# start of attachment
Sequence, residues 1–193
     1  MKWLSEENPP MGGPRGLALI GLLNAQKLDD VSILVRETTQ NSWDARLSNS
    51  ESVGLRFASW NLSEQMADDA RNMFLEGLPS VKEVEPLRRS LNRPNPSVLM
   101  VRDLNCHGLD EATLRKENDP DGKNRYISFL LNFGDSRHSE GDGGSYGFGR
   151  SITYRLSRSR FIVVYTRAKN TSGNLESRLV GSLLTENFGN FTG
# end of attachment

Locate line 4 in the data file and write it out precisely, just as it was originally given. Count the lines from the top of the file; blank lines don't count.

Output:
   101  VRDLNCHGLD EATLRKENDP DGKNRYISFL LNFGDSRHSE GDGGSYGFGR